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Budget Reconciliation -- Current Path to Tax Reform?

Oct 25, 2017

As the consideration of comprehensive tax legislation (or a substantial tax cut) moves forward, “budget reconciliation” is advertised as the mechanism by which that legislation will be adopted.  So, what is “budget reconciliation” all about?

The Senate is currently divided 52-48, Republicans vs. Democrats.  In order to avoid a filibuster by the Democratic minority, 60 votes are required to end debate, which means at least some Democratic senators would be needed to forestall a filibuster and thereby allow legislation to proceed.  That is where budget reconciliation becomes key.  Reconciliation is a special legislative process created as part of the Congressional Budget Act of 1974.  One of the attributes of reconciliation is that a reconciliation bill cannot be filibustered -- thus allowing the Senate to pass a reconciliation bill with a simple majority vote (or 50 votes plus the vice president).  Another attribute is that the bill cannot increase the deficit beyond the fiscal years covered by the budget (which could cause proposed tax cuts to expire after ten or fewer years).  In addition to a number of other significant procedural limitations, there can be only one reconciliation bill under an annual budget for each of revenue, spending and debt.  If a single reconciliation bill has both spending and revenue provisions (which would be the case for tax legislation), no other reconciliation bill affecting spending or revenue is allowed.  To use reconciliation, a budget resolution needs to be adopted by Congress that includes “reconciliation directives” for specified Congressional committees.  While a budget resolution does not itself become law, reconciliation is a procedure for enacting parts of a budget resolution into law.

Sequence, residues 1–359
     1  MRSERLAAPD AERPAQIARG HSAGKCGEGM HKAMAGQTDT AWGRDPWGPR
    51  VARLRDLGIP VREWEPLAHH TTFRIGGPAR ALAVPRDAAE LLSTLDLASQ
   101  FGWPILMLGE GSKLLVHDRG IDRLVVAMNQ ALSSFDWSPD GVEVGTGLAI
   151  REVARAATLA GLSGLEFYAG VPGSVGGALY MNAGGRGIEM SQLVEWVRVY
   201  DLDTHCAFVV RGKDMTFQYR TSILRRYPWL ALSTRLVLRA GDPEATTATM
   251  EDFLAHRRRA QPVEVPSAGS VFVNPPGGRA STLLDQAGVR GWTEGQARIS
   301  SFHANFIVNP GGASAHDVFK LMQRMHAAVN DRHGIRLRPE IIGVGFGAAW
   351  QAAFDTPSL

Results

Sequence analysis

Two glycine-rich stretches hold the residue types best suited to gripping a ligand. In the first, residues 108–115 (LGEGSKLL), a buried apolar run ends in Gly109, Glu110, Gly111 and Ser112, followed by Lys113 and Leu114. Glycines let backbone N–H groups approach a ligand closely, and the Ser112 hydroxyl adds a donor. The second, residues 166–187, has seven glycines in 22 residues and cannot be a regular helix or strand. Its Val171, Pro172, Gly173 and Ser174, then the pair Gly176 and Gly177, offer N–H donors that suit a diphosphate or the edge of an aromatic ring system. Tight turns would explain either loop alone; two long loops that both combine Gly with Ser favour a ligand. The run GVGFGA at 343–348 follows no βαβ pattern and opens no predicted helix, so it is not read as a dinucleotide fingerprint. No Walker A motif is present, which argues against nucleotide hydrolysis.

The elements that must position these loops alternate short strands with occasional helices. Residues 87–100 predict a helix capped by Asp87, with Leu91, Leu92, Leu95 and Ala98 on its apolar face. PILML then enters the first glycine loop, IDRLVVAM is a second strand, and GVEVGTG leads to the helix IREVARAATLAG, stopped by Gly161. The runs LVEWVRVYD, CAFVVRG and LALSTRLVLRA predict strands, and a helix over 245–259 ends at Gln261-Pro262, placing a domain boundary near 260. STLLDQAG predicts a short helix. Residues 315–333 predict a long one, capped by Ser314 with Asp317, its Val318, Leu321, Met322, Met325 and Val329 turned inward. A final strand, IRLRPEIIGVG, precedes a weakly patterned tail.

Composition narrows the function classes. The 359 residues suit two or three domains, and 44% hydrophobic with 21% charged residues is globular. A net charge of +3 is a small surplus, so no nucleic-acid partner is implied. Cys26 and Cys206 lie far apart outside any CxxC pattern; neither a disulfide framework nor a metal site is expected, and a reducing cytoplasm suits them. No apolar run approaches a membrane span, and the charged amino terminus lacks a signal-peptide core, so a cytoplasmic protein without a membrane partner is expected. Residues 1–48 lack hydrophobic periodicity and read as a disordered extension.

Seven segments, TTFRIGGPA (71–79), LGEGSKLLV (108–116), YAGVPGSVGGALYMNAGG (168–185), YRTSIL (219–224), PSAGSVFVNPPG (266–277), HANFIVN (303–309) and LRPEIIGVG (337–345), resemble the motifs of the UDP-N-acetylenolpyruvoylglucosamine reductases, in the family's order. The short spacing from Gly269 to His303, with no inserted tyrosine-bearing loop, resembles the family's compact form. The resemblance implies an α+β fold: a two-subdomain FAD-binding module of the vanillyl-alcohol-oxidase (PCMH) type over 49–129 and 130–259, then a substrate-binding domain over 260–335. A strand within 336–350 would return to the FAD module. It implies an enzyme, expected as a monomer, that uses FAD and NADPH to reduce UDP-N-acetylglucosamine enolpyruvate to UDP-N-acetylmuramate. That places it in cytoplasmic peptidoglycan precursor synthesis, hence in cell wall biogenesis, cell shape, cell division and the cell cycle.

Since 1980, some 20 budget reconciliation bills have been enacted into law, including major spending cuts during the first year of the Reagan presidency, several deficit-reduction programs during the 1980s and 1990s, welfare reform in 1996 and the major Bush tax cuts in 2001 and 2003.  The Restoring Americans’ Healthcare Freedom Reconciliation Act of 2015 was passed by Congress in an effort to repeal many of the provisions of the Affordable Care Act, but it was, not surprisingly, vetoed by President Obama.

The effort in 2017 to repeal and replace the Affordable Care Act under reconciliation did not succeed.  Will the road to tax reform through reconciliation be more successful?  We will know soon, as the march to major tax legislation has now begun in earnest. 

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